Pop quiz: What does fire sound like? It doesn’t. Things burning make noise, but fire is silent.
I had a ridiculously hard time finding a fire sound that felt right. I listened to a ton of clips, mostly real recordings of stuff set on fire. I didn’t really like any of them. Small fires are silent with an infrequent popping sound, but it doesn’t really fit a video game. Large fires create a huge Whoosh! of air as they consume surrounding oxygen which sounds horrible when captured by a microphone. I turned to YouTube snips from film and games on a quest to discover why real-life fire sound recordings don’t sound right.
It turns out our senses may have been conditioned by our media. Movie and game fire doesn’t actually sound much like fire at all! You know what the best fire sound I got was? Crinkling wax paper with a low rumble mixed in. There’s a reason that the art of Foley sound effects persists to this day. We’re so conditioned by our consumption of media that real now seems fake. Much like some of the visual elements in the game, it was a case where doing something that was technically right felt wrong.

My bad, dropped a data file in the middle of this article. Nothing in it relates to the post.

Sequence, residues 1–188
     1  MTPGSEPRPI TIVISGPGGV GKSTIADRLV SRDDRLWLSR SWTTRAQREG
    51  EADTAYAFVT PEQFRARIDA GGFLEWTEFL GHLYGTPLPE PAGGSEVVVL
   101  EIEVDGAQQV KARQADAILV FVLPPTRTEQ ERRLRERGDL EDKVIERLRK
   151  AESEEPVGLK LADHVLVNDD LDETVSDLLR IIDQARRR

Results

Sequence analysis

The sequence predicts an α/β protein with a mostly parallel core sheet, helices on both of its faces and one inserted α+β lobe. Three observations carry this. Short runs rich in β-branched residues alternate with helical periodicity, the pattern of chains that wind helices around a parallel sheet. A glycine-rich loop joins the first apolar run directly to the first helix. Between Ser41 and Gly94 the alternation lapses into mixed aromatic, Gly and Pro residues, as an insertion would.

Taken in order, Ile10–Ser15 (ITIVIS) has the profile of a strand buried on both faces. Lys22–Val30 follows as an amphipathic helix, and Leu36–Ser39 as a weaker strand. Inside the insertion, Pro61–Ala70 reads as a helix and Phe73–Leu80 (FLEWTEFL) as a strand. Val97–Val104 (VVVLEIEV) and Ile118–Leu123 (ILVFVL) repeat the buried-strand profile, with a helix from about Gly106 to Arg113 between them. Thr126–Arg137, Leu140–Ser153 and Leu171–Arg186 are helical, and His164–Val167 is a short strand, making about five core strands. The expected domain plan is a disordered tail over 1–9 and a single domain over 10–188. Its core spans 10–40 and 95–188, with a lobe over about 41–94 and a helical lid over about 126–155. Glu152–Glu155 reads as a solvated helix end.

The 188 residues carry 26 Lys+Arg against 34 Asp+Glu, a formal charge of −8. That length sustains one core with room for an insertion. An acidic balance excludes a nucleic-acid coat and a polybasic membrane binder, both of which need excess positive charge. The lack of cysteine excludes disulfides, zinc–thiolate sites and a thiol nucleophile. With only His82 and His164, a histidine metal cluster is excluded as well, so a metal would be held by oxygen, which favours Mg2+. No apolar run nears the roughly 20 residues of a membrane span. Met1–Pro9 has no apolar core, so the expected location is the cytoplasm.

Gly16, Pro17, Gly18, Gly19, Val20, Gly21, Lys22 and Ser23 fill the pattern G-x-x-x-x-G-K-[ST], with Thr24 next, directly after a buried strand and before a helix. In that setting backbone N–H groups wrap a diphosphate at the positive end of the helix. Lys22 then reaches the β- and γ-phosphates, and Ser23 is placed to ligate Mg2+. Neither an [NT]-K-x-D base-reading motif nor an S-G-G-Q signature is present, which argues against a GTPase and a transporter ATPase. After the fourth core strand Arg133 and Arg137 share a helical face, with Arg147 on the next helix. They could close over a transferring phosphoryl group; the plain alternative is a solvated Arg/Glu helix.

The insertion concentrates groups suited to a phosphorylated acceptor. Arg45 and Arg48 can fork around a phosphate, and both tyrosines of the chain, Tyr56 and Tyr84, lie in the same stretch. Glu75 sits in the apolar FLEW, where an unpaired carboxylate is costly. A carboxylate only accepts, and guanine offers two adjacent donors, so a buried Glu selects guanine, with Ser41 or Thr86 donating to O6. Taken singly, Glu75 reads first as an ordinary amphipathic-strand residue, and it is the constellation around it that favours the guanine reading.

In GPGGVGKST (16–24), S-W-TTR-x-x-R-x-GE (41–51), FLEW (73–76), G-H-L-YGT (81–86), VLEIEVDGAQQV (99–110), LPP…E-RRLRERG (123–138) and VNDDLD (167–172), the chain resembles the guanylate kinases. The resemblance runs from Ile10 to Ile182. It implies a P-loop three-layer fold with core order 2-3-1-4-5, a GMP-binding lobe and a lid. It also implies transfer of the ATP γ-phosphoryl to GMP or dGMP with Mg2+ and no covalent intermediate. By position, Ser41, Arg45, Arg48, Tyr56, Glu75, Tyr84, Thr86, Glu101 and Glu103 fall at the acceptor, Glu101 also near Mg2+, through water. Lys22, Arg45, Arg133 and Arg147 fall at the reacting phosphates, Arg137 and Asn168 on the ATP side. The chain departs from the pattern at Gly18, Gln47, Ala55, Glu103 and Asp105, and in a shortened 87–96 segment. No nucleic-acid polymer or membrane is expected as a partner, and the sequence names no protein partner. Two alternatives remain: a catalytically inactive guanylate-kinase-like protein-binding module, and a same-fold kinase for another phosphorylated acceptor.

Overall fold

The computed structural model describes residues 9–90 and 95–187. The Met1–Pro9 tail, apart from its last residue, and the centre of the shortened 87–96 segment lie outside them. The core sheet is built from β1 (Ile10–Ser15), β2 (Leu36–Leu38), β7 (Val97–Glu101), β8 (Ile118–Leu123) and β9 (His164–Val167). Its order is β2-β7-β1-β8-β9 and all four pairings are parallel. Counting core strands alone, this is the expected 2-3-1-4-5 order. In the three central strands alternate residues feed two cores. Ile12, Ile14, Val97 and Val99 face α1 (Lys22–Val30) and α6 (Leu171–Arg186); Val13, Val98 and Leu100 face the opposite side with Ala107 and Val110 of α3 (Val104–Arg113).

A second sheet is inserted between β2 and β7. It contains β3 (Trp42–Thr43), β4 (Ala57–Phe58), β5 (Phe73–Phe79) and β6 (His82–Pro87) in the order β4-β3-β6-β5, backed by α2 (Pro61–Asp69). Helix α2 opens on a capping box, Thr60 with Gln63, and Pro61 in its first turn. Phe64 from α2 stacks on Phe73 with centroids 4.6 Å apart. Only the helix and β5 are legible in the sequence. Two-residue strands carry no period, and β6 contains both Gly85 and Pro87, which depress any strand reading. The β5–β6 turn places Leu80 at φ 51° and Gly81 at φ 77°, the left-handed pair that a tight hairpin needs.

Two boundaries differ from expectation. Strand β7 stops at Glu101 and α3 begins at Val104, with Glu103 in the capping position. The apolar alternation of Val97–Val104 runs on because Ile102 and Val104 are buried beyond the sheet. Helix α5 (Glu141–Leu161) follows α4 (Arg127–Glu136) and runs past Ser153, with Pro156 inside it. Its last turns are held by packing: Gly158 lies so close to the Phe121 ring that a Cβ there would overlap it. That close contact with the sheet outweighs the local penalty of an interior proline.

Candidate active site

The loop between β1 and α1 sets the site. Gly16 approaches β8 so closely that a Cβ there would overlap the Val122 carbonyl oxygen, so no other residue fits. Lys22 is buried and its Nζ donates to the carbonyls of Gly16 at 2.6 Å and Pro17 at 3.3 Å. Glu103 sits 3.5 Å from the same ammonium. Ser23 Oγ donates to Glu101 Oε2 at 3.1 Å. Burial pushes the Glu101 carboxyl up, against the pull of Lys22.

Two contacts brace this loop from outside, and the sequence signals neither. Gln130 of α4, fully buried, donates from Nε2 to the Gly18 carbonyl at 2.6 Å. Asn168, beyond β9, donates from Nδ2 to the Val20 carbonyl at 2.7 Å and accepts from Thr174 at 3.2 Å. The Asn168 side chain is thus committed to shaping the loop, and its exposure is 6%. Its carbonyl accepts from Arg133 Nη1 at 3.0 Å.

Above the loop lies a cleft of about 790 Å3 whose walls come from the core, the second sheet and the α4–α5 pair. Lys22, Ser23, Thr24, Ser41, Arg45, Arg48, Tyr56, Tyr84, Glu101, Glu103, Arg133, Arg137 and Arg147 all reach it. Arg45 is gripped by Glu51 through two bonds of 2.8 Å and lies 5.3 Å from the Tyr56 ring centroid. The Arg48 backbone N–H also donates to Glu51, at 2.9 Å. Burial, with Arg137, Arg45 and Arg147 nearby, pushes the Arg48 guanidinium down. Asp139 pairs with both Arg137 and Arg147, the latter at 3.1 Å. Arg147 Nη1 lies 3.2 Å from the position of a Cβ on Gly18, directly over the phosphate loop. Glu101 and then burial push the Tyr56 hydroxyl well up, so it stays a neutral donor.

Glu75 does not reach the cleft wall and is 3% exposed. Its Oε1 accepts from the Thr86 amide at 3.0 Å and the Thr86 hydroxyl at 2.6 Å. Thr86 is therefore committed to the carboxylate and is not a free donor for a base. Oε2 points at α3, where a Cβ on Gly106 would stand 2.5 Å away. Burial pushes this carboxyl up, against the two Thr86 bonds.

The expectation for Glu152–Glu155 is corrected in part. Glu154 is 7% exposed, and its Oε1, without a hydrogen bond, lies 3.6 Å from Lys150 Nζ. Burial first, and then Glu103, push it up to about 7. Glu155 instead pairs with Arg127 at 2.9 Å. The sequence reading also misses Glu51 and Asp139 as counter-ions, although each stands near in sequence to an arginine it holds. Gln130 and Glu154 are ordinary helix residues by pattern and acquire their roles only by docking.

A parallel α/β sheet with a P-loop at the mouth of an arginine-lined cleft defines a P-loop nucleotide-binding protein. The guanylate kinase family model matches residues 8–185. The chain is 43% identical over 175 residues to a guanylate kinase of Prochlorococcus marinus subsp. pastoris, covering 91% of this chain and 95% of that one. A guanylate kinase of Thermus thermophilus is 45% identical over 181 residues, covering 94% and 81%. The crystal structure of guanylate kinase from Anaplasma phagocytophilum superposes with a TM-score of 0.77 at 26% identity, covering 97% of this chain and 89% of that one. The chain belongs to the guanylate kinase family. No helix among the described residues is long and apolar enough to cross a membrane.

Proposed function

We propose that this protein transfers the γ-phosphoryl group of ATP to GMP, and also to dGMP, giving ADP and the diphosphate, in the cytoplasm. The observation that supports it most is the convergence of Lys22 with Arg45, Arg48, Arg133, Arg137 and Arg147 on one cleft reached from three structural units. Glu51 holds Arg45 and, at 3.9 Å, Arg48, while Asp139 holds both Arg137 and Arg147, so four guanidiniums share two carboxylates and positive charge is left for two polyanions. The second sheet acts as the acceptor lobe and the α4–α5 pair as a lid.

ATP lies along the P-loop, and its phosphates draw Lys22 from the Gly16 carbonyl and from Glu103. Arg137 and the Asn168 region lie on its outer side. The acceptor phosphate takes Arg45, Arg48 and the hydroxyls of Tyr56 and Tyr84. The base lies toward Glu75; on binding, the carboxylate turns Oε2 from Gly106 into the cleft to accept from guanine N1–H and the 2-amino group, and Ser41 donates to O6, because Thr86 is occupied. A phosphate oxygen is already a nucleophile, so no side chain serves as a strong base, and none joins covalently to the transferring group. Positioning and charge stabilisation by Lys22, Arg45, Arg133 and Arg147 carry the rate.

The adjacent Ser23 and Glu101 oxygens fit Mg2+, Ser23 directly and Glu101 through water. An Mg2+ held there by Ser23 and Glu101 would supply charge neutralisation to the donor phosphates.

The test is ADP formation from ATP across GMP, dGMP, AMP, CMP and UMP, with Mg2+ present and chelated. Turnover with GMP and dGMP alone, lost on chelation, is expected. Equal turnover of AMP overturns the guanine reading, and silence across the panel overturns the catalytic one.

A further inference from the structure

As for music, my initial thought was to just go grab some public domain classical recordings. A quick stop over a OpenGameArt.org changed that plan. While browsing around for a ‘meatier’ rock crushing noise, I happened upon their music section. There I discovered, and fell in love with, the work of HorrorPen. His fantasy themes fit my vision of Brick Dead to a T. They were playful with just a hint of darkness. Sadly, the loops are a little short. Still, it beats going with original over some played out classical tunes.
Adding my new sounds to Unity was, surprisingly, a breeze. You just add a sound component to your object, drop on the file, set your volume, pitch, and roll off distance, and you’re good to go. Unity even handles cool stuff like Doppler and positional audio without you needing to lift a finger. Balancing the volumes of all those sounds is a bit of a chore, but not difficult. Things can get a little tricky if you’re trying to play multiple sound files from the same source, but in cases like that, or when an object is being destroyed, I found it easier to just instantiate a new, invisible object at the location and destroy it when it was done playing. Using these little temp objects was a concept that had served me flawlessly in creating one-off particle effects and it worked just as well with sounds.